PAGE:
- - most common type of SLAP tear (75% of SLAP tears);
- - often associated with rotator cuff tears;
- - these are treated w/ debridement;
Describe a type II SLAP tear.
- detachment of superior labrum and biceps insertion from the supra-glenoid tuberlce;
- - when traction is applied to the biceps, the labrum arches away from the glenoid;
- - typically the superior and middle glenohumeral ligaments are unstable;
- - may resemble a normal variant (Buford complex);
- - 3 subtypes: based on detachment of labrum involved anterior aspect of labrum alone, the posterior aspect alone, or both aspects;
- - posterior labram tears may be caused by
- impingement of cuff against the labrum with the arm in the abducted and
- externally rotated position;
- - as noted by Tae Kyun Kim et al. type-II lesions in patients older than 40 years of age were associated with a supraspinatus tear where as
- in patients younger than 40 years were associated
- with participation in overhead sports and a Bankart lesion;
- - treatment involves anatomic arthroscopic repair;
Describe a type III SLAP tear.
- - bucket handle type tear;
- - biceps anchor is intact;
Describe a type IV SLAP tear.
- - vertical tear (bucket-handle tear) of the superior labrum, which extends into biceps (intrasubstance tear);
- - may be treated w/ biceps tenodesis if more than 50% of the tendon is involved;
These types of SLAP lesions are debrided.
Type I and III
These types of SLAP lesions are repaired.
Type II and IV
List the cluster of signs of a SLAP lesion.
- Vague deep joint pain
- History of macrotrauma: force that pushes the humeral head over or away from the superio rlabrum
- History of deceleration activites/overhead cocking position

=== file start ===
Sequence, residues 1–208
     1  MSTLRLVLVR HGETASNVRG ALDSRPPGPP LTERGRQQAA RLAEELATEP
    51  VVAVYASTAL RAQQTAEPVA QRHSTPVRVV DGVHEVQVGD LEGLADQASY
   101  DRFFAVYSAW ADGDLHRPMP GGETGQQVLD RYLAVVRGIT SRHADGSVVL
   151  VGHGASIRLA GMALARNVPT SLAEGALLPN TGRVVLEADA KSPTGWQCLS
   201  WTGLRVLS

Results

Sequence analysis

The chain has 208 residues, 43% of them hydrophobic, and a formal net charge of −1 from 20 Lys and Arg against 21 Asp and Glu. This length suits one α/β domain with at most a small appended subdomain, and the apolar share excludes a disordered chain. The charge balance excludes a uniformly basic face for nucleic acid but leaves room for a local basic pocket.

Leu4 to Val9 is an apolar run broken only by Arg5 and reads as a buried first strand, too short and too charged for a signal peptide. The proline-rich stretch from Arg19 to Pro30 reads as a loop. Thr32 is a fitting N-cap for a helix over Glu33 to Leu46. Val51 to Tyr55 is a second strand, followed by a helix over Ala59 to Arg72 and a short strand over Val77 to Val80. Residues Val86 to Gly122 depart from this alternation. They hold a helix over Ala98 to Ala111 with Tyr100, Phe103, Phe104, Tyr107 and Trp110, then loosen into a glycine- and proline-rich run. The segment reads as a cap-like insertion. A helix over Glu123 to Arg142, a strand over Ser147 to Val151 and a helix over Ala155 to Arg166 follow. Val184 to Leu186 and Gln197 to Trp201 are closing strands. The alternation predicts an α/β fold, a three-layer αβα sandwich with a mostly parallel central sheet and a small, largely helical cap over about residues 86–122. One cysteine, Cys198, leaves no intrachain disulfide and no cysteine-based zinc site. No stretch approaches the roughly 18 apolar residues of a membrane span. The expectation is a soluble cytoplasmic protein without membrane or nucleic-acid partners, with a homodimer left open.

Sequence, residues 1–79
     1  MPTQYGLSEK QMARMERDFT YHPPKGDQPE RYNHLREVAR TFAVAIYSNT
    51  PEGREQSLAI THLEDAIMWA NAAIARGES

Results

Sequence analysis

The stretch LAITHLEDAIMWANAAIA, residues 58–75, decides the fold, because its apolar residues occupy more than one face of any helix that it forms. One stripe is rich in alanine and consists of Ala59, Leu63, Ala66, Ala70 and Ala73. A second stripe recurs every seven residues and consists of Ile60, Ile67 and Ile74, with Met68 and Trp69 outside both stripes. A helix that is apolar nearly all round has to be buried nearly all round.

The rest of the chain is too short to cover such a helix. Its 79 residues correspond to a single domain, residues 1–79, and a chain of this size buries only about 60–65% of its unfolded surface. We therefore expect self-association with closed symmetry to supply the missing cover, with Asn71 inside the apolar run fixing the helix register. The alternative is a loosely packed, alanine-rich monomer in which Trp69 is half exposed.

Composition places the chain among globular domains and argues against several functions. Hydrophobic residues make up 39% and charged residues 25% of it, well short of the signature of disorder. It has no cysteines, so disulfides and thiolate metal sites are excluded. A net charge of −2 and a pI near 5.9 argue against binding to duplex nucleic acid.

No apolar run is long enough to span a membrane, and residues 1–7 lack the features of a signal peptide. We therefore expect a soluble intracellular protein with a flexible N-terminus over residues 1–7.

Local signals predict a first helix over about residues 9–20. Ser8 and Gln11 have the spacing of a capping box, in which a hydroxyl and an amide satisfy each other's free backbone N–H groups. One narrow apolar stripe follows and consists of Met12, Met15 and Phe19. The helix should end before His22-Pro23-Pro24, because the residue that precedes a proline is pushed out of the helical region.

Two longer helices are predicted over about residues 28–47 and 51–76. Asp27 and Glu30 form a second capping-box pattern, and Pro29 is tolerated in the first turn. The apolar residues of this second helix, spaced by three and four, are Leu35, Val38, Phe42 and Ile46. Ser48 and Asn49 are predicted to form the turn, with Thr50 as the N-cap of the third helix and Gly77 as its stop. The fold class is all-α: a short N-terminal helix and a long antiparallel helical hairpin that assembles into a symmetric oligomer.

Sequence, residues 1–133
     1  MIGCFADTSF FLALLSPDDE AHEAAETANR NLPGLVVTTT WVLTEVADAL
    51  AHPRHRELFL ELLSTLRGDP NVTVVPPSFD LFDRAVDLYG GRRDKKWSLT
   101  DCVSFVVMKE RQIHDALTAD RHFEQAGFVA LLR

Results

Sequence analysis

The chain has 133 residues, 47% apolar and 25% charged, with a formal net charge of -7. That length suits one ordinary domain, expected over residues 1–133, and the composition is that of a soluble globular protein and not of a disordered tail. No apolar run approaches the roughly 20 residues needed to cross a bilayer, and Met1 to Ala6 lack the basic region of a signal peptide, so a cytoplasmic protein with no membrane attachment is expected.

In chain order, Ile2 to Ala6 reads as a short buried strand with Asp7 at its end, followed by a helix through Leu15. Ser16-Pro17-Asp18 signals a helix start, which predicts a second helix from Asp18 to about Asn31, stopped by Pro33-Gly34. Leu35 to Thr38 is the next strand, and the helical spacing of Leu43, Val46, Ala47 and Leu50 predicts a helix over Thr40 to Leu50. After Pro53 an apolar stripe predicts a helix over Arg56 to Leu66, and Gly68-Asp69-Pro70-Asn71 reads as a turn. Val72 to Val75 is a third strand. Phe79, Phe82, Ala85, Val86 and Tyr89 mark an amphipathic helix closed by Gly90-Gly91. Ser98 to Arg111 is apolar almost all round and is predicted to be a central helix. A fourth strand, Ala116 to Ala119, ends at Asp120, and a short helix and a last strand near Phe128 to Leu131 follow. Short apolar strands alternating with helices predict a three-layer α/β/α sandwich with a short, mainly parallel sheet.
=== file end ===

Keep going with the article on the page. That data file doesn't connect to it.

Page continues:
- Complaint of locking, popping, catching
What is the most sensitive image to detect a SLAP lesion?
Gadolinium MRI because dy extravasates into labrum tears.
Describe primary adhesive capsulitis (idiopathic)
- Insidious, rogressive, global loss of AROM & PROM
- Affects joint capsule and GH ligs (not muscle or fascia)
Describe secondary adhesive capsulitis.
- Acquired (post surgical, post traumatic)
- Afects joint, capsulre, GH ligs and extra-articular tissues and fascia
What is the capsular pattern of the shoulder?
ER, Abduction, IR
List the cluster of signs of adhesive capsulitis.
- Sulcus sign at 0 deg (superior capsule/ligs)
- Sulcus sign at 90 deg (inferior capsule/ligs)
- Anterior load and shift
- Posterior lad and shift
What is the time frame and findings of adhesive capsulitis in stage I?
- 0-3 months
- Progressive pain
- Global loss of AROM & PROM due to pain
- Arthroscopy reveals hypertrophic vascular synovitis
What is the time frame and findings of adhesive capsulitis in stage II?
- 3-9 months
- Persistent pain
- Progressive loss of ROM (due to pain & reduced capsular volume)
- Arthroscopy reveals dense hypervascular synovitis, perivascular scar formation, capsular fibroplasia, disorganized collagen fibrils, NO inflammatory infilitrates
What is the time frame and findings of adhesive capsulitis in stage III?
- 9-14 months
- Reduced pain
- Significant global ROM limitations (due to capsular fibrosis and decreased capsular volume)
- Arthroscopy reveals unremarkable, patches of synovial thickening, no evidence of hypervascularity, presence of dense hypercellular collagenous tissue.
What is the time frame and findings of adhesive capsulitis in stage IV?
- Greater than 14 months
- Similar to stage III
What are the precuations of a stage I adhezive capsulits?
Avoid aggressive ROM and joint mogs as these can potentially accelerate disease process and not needed as histologic changes have not occured.
For what stages of adhesive capsulitis is a steroid injection appropriate?
Stage I and II